Instead of assuming that all of your readers are on the same page, and have the same knowledge as you, why not craft a glossary? Though it will take a lot of time and effort to compile your relevant terms, it comes with a range of benefits. For starters, it helps your readers understand jargon they’ve been struggling with. It also means that, instead of defining terms on every single blog post, you can just link to the glossary.

Make sure you go back to your glossary every six to twelve months to add any new terms that have cropped up in the meantime.


➔ Top tip: create an accompanying PDF version so that your audience can download it, you can share it on social media and so that other websites can link to it.

17. Quizzes


If you’re looking to mix up your content with something more interactive and fun, you can’t go wrong with quizzes. They’re a great way to engage your audience and they’re very shareable.

You can use quizzes to reinforce your written content. For example, if you have an article on ‘what you need to know about X’, you can create a quiz that tests your readers’ newfound knowledge. Alternatively, you can leave your niche entirely and create a quiz that’s based on the interests of your readers that you’ve honed in on in your buyer personas.

Use tools like Riddle, Quiz Maker or SurveyMonkey to create your quizzes and don’t forget to share them on social media—ask your audience to share their results too!


➔ Top tip: let your audience get to know your business better by posting the results of quizzes that your team members have taken. You could even kick it up a notch by making it a competition—announcing the winner each week/month.

18. Polls and questionnaires

Continuing on in a similar vein as above, polls and questionnaires are a handy way of engaging your audience and getting your hands on some useful information/data along the way.

You can use them to get an idea of what your audience thinks about a specific topic or issue, e.g., the latest industry changes you’re facing. Once you’ve got your results, you can use the feedback to create a research-driven article with hard data.

You can also use them to shed light on how you can improve your business. In a poll, you can ask your audience to pick out the best/worst aspects of your business. In a questionnaire, you can be slightly more thorough with open-ended questions, e.g., asking what they want to see more of on your blog, how you can improve your customer service and so on.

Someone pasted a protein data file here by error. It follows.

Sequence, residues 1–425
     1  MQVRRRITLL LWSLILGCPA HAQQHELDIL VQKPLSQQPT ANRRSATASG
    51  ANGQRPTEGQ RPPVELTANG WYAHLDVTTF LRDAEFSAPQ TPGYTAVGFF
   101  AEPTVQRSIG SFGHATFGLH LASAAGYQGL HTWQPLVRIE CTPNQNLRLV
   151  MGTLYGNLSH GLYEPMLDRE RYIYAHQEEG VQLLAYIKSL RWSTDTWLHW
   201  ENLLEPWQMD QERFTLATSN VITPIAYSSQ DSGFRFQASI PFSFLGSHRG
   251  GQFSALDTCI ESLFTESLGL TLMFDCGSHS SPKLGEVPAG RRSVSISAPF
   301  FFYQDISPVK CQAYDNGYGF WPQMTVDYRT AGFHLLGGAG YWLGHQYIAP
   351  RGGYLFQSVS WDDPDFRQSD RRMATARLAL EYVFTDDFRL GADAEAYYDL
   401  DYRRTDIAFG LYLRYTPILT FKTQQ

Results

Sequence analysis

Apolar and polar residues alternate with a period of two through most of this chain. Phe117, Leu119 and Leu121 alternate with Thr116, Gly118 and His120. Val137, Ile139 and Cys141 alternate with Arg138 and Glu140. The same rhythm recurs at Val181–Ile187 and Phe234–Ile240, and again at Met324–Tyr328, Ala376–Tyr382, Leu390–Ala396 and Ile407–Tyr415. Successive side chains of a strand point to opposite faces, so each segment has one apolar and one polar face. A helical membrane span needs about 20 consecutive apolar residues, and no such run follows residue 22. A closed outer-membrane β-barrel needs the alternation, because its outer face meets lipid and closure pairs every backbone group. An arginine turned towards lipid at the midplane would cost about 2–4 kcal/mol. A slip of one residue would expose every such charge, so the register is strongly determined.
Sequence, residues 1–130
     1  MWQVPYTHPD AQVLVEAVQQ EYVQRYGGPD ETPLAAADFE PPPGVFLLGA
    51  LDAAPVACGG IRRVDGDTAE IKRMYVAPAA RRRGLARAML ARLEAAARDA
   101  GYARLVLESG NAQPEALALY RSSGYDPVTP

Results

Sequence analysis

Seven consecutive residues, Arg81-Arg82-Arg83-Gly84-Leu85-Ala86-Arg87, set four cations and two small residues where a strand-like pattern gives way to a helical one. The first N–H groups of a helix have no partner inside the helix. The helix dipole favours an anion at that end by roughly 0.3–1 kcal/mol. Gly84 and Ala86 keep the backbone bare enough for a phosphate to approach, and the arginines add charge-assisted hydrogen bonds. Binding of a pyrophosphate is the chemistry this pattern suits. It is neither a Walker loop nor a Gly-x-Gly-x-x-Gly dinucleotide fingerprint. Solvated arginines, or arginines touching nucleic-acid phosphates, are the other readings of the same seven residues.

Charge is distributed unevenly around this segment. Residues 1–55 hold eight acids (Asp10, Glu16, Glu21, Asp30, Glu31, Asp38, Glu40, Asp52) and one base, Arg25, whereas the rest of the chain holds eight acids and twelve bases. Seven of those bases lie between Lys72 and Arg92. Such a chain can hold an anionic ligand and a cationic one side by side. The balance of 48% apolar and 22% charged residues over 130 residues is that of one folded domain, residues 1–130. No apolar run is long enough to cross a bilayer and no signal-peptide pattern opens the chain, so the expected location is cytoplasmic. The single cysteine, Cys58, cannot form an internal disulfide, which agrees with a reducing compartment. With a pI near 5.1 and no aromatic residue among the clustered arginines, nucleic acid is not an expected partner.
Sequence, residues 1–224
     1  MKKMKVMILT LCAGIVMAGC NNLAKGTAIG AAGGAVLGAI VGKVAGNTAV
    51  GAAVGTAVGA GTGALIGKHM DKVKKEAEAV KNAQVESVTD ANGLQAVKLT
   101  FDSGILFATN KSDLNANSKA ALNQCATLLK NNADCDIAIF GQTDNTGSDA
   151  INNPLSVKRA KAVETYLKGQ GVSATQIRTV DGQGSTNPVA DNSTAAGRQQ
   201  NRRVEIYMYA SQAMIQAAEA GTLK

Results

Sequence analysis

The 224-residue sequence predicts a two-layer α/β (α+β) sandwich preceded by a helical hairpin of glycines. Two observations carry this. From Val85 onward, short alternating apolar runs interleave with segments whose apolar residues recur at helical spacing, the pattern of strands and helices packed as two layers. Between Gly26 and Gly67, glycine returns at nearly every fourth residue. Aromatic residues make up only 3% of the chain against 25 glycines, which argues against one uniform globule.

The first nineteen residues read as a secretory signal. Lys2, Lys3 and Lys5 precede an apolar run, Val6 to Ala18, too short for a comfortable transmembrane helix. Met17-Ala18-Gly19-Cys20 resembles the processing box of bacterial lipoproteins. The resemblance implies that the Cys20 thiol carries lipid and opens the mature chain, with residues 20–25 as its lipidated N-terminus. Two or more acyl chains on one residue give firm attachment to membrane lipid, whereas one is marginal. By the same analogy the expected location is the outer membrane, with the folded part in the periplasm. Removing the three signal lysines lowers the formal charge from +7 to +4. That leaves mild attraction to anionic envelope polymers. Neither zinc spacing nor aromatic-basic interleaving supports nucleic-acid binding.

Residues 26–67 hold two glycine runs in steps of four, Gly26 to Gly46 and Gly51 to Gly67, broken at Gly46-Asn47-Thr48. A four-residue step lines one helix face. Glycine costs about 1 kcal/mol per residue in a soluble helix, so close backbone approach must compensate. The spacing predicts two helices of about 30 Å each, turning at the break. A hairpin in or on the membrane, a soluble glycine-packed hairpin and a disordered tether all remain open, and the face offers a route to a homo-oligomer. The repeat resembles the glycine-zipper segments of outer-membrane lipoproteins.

➔ Top tip: try pushing your polls and questionnaires on a range of platforms—your blog, social media and even through email marketing. If you’re not getting many responses, offer up a special discount or freebie to sweeten the deal.

19. Giveaways and competitions


If there’s one surefire way to increase engagement and interest, it’s through giveaways and competitions. The best part is that they’re not just beneficial to your audience—you can get something out of them too!

If you’re keen to onboard more email subscribers, then you can push people to subscribe as part of your competition, e.g., “Sign up to be entered into our prize draw!”. Similarly, if you’re looking to up your presence on social media, ask people to share your giveaway/competition posts and follow you.


➔ Top tip: if you’re not sure where to start with prizes, send out a questionnaire to your audience to see what kind of things they’d be interested in winning. This lets you sidestep the ‘stab in the dark’ approach, in favour of something that’s likely to be effective.

20. Videos

Your content doesn’t all have to be written. If you’re looking to engage your audience on your blog and social media, videos are your go-to format. With them, you can convey dense information in a fun and lively manner. You can create video tutorials, screencasts, talking-head videos or even Q&As—hosting them on your website, or uploading them to YouTube and embedding them.

As with other content types on our list, videos will require a bit of time and finesse. Unless you’re trying for a humorous approach, you don’t want it to come across as low in quality and budget. Fortunately, there’s plenty of handy video editing software available.


➔ Top tip: create an accompanying blog post with your video so that you can offer your audience any additional information, along with a transcript.

21. Podcasts


Who doesn’t have a podcast nowadays? All jokes aside, there’s a good reason why podcasts are so popular and that’s because they’re insanely accessible. It doesn’t matter where you are or what you’re doing, there’s time to squeeze in a quick podcast episode.

There are endless possibilities with podcasts. You can talk about topics that you’ve already discussed in your blog posts, conduct interviews with industry leaders or employees, or even break down FAQs that your audience has been struggling with. You can then embed them in blog posts and include transcripts, and even share them on social media.

Not only are podcasts relatively easy to produce and edit nowadays, they’re also a brilliant way of giving your business a voice and building a personal connection with your audience.


➔ Top tip: ask your audience on social media what sort of topics they’d like you to focus on, or questions they’d like you to answer.

And there you have it! You’ve now got a brand new arsenal of content types at your disposal! If you’re still struggling to inject excitement into your blog, check out our blog for more tips or contact Supersede Media directly!